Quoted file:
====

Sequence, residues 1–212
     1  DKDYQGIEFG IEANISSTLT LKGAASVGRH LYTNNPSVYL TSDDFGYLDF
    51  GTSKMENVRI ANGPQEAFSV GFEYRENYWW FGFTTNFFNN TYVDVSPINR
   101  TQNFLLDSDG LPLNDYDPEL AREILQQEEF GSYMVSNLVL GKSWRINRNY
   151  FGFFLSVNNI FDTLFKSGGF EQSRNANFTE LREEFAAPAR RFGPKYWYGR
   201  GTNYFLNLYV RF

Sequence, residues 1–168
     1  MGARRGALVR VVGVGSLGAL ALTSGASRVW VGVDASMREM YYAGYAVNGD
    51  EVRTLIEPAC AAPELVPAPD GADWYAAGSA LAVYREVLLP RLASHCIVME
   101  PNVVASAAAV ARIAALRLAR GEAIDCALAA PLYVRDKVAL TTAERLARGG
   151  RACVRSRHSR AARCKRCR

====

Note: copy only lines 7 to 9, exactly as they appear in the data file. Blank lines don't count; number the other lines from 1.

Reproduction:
Sequence, residues 1–168
     1  MGARRGALVR VVGVGSLGAL ALTSGASRVW VGVDASMREM YYAGYAVNGD
    51  EVRTLIEPAC AAPELVPAPD GADWYAAGSA LAVYREVLLP RLASHCIVME